In search of blood biomarkers that could aid diagnosis and prognosis of patients with traumatic brain injury or who have a risk of stroke, Emory University researchers are planning two parallel biomarker studies using samples from participants enrolled in large multi-center clinical trials.
The first project, funded with a $1.47 million, four-year grant from the National Institutes of Health, is called “Biomarkers of Ischemic Outcomes in Intracranial Stenosis,” or BIOSIS, and is using samples from the SAMMPRIS trial, a randomized multi-center test of stenting as a treatment for intracranial stenosis. Working with two Emory laboratories, the trial is investigating four markers — three inflammatory proteins, as well as endothelial progenitor cells — that have shown promise in earlier work.
The second study, “Biomarkers of Injury and Outcome in ProTECT III," or BIO-ProTECT, is funded by a $2.6 million, five-year NIH grant and is analyzing samples from patients enrolled in the ProTECT III trial; an Emory-led multi-center study of progestin to treat traumatic brain injury. In BIO-ProTECT, the Emory team has contracted Banyan Biomarkers to do the proteomic analysis. The Alachua, Fl.-based company will analyze blood samples from TBI patients for four different protein markers.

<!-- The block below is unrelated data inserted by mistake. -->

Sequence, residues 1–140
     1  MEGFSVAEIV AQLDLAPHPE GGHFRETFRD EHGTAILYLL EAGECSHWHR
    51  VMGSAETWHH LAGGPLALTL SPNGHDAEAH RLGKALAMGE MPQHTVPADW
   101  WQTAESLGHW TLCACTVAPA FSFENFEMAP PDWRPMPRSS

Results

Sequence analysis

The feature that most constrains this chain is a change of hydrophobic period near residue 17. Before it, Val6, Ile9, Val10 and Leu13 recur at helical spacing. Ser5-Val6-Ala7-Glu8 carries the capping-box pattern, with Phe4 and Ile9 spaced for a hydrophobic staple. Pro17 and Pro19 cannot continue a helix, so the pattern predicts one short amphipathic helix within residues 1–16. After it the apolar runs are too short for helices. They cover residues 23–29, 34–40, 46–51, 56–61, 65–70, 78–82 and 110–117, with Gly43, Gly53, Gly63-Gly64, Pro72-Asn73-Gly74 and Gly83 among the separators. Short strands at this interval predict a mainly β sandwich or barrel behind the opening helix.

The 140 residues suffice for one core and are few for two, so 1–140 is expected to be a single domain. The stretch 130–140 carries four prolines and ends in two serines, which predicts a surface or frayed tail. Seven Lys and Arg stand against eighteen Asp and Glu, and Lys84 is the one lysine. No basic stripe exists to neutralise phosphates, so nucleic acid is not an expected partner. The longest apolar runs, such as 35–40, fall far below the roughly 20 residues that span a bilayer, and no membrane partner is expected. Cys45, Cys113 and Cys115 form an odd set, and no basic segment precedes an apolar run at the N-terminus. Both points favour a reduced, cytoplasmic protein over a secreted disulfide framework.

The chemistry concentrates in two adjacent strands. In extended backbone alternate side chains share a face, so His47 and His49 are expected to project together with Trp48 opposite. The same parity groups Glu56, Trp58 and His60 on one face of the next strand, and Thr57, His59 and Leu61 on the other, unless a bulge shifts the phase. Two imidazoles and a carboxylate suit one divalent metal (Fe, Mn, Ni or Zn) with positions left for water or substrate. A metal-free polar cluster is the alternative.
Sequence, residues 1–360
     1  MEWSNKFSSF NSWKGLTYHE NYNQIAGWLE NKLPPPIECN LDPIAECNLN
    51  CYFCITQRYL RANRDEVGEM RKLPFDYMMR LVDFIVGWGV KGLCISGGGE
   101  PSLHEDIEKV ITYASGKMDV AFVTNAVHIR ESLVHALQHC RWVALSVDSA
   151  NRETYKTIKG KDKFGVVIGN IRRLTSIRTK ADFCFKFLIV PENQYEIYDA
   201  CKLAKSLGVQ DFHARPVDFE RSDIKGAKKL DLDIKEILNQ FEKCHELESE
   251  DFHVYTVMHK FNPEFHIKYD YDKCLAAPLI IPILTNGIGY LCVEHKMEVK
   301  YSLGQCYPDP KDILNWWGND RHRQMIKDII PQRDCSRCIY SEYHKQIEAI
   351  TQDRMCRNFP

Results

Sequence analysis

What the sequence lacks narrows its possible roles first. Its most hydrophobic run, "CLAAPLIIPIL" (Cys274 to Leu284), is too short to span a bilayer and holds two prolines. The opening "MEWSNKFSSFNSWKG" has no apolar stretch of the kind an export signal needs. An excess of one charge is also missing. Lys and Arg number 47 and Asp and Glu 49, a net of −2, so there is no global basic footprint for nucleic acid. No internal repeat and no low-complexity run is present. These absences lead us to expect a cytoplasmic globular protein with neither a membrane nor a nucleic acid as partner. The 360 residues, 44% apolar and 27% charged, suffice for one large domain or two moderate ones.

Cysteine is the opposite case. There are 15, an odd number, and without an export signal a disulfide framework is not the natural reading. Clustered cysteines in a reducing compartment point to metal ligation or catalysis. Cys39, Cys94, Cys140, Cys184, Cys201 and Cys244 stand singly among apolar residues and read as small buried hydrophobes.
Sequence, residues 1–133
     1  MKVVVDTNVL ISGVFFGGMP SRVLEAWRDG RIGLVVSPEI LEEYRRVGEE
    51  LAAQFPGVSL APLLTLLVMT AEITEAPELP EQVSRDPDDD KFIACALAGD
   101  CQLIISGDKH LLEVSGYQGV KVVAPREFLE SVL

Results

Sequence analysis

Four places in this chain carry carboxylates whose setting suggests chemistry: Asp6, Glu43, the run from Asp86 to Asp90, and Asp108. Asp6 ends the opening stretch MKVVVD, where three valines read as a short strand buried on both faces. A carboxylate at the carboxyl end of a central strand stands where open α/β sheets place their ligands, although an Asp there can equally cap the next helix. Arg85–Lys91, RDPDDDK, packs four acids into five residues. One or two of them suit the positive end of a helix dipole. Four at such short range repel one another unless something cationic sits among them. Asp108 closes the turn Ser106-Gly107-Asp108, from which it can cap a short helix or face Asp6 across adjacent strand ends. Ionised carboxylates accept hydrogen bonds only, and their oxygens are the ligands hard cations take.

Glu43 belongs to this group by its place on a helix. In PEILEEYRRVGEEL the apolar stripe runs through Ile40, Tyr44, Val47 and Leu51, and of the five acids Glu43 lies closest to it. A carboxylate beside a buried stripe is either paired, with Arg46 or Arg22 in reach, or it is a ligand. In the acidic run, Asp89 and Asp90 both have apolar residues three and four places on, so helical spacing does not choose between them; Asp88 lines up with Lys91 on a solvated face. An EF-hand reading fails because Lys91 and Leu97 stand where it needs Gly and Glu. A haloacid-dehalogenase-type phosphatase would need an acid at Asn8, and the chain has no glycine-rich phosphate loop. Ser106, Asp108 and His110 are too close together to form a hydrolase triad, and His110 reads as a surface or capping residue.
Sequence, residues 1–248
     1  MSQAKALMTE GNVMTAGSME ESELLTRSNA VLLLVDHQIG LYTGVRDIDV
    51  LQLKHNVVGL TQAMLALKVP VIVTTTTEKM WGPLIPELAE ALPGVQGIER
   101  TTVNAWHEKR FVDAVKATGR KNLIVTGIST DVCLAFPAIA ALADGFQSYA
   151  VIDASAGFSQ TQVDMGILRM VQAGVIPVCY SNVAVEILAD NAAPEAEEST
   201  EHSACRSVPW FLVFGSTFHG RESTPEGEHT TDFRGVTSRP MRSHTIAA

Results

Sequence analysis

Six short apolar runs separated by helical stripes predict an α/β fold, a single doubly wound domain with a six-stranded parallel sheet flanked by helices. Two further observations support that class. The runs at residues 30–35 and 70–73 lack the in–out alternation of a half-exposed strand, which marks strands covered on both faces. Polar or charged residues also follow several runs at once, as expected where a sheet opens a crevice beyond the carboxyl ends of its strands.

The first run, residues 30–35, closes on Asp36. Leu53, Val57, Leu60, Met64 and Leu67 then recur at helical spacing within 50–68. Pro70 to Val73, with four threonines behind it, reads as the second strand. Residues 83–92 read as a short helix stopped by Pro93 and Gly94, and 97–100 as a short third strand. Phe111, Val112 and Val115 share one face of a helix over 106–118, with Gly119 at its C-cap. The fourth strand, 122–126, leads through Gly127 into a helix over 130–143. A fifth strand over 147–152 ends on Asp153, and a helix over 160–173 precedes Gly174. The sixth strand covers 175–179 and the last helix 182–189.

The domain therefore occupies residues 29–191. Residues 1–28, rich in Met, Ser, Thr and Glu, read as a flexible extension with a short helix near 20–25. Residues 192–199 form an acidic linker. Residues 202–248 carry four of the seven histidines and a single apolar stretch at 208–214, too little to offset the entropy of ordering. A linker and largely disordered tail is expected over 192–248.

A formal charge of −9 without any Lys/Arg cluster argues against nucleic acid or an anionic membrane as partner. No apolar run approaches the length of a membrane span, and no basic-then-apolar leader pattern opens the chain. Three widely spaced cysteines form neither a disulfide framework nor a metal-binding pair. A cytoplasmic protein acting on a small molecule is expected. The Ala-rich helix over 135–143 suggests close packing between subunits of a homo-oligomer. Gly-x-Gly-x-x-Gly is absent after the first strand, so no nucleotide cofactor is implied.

According to Michael Frankel, an Emory neurologist and principal investigator on the two biomarker studies, molecular information would offer opportunities for more accurate prognosis and potentially more effective treatment for both conditions.
Intracranial stenosis is one of the leading causes of stroke worldwide and is particularly frequent in African and Asian populations, according to Frankel. The goal of the BIOSIS study linked to the stenting trial is to provide clinicians with a tool that could help risk stratify patients, he told PGx Reporter. "If you come to me and tell me you had a small stroke or a [transient ischemic attack], I'd like to be able to tell you … the likelihood of you having another stroke," he said.